Nepali peacekeepers in South Sudan are witness to what happens when ethno-separatism goes out of control
All pics: Dirgha Raj Upadhyay
Nepali soldiers in UN peacekeeping duties in Juba, the capital of South Sudan.
South Sudan separated six years ago after a brutal civil war, but independence did not bring peace. Today, the world’s youngest country is a failed state mired in ethnic conflict and haunted by famine. United Nations peacekeepers from Nepal stationed here see many lessons about what happens to a country that mixes ethnicity and politics.
More than two million people have been killed in the last 20 years and millions more internally displaced. There is no end in sight to massive human rights violations by the army and the rebels that the United Nations described as the ‘most horrendous’ in the world today.
The camp for internally displaced in Wau which is guarded by UNMISS Nepali peacekeepers.
People like 32-year-old Moses Bakor are fed up with the violence, retribution and famine that stalk his land. He tells me: “This war has cost us everything, we have nothing left to lose.”
Nepali blue helmets here on peacekeeping duty for the United Nations Mission for South Sudan (UNMISS) have been praised for their work in keeping the peace in camps for internally displaced and to guard food convoys to famine-hit areas.
Special Representative of the Secretary General David Shearer of New Zealand with Sushil Silwal, head of the Nepal Army unit posted in Rumbek.
United Nations Mission in South Sudan (UNMISS) acting Force Commander Major General Chaoying Yang of China with Nepali peacekeepers.
There are 12,500 UN peacekeepers stationed in South Sudan since 2011, of which 1,500 are from Nepal. Last year, when Kenya abruptly pulled out troops after its Force Commander was sacked, no other country was willing to take their place in Wau, and it was Nepal that immediately dispatched 200 of its peacekeepers to the region in the west of the country to guard food convoys that averted famine.
The head of the UNMISS Field Office in Rumbek, Kwame Swamena-Aboagye from Ghana, was full of praise for Nepali peacekeepers. He said: “The Nepali soldiers have gone out of their way to protect the UN staff, escort food and material, and even protect the security personnel of other countries.”
UNMISS Force Commander Lt Gen John Motor Kimi Ondieke agreed. “The peacekeepers from Nepal are competent, responsible and have high integrity. They are always willing to be deployed wherever and whatever the circumstances. They can be mobilised to go to areas where others hesitate to go.”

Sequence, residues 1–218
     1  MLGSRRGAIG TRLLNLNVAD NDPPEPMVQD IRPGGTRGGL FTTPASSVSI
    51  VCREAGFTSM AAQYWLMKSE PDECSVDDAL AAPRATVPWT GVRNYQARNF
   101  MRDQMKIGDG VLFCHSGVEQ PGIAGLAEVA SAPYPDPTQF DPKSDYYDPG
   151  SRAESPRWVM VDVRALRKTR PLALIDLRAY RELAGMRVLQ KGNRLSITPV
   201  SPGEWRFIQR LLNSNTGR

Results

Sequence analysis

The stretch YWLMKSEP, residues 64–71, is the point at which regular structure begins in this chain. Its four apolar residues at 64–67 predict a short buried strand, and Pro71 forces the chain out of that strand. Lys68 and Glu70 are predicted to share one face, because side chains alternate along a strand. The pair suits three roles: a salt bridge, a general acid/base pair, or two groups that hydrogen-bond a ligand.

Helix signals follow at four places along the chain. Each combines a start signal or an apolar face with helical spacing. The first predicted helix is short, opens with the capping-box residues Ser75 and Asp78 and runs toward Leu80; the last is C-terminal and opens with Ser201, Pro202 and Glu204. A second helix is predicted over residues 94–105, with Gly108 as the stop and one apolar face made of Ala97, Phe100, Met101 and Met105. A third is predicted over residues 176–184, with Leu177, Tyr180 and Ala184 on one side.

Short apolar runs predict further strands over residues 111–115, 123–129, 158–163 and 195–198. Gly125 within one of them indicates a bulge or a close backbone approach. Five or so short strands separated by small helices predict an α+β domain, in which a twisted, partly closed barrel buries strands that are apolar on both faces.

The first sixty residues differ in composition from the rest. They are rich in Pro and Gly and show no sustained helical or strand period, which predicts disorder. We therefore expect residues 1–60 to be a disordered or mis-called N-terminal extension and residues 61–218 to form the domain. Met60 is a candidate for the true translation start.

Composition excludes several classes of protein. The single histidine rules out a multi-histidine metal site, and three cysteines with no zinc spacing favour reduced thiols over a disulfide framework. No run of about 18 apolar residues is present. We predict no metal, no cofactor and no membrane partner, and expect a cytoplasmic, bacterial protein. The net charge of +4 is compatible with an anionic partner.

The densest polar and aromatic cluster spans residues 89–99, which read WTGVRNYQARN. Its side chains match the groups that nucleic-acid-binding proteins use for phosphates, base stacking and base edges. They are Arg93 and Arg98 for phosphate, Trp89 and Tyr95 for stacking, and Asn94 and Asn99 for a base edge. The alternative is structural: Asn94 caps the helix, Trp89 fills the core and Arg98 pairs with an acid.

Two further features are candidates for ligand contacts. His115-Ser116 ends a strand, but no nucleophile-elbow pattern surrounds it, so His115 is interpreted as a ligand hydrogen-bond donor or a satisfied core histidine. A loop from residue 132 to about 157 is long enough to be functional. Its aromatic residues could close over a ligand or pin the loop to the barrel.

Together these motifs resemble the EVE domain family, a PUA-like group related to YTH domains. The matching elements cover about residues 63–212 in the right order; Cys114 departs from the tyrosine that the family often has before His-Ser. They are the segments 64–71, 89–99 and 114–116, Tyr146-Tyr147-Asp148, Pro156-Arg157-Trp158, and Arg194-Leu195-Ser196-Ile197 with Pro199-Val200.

Besides security, Nepal Army soldiers in South Sudan are also involved in education, health and other basic needs and are known for their easy-going nature and ability to win the hearts and minds of locals.
Children of families of the internally displaced in Rumbek.
In the evening after a day of patrolling and sentry duty, however, Nepali security personnel here open up about their frustrations. They are not complaining about the personal hardships of deployment in a famine-struck conflict zone, they are more worried about their own country being engulfed in similar brutal ethno-separatist strife.
Nepali peacekeepers here keep in touch with home through the Internet and social media, where they learned about the police firing in Saptari two weeks ago that killed five people. Said one Nepal Army officer in Rumbek: “This place is an example of what can happen when you mix ethnicity with politics. There is a lesson here for Nepal, I just hope that we are never engulfed in a similar ethnic war.”
Sudan’s civil war started in 1983 after the Muslim-dominated government in Khartoum refused to grant autonomy to the mainly Christian South Sudan. More than 1.5 million people were killed and 4 million displaced before oil-rich South Sudan finally became independent in 2011. But since a brutal multi-ethnic conflict broke out again in 2013, millions of people have been displaced again and a severe famine threatens millions. There are more than 40,000 refugees in two camps alone adjacent to the UNMISS office in Juba.
About 60 per cent of South Sudan’s population of 10 million people is pastoralists with the Dinka and Nuer being the two largest among dozens of smaller ethnic groups, many of which are armed and fighting each other in inter-tribal conflicts that predate independence. Last July, while peace talks were being held in Juba between President Salva Kiir and his former deputy Riek Machar, 200 people were killed when fighting broke out between their armies.
Armed cow-herders guard cattle from rustlers.
Today, the South Sudan Liberation Army (SPLA) literally calls the shots, with most provincial governors being its generals. They seem to be above the law and were implicated in the abduction and rape of four American women last July. They have the right of way on roads, even shooting at the US Ambassador’s car last year when it did not give way.
What started out as a liberation war has now degenerated into open multi-tribal warfare. Cattle rustling, which used to be a marriage-related practice, is now rampant. The Dinka have split into sub-ethnicities killing each other, and the Nuer, who were rebels fighting the government in Khartoum are now rebels fighting Juba.
High on a sentry box, as the red sun sets behind the red hills, a Nepali soldier in a blue helmet says: “I have seen massacres, looting and famine. We should bring Nepal’s leaders here to show them what happens when personal greed and hunger for power takes over the national interest.”
Keeping the peace, Dewan Rai
Outsourcing peace, Min Ratna Bajracharya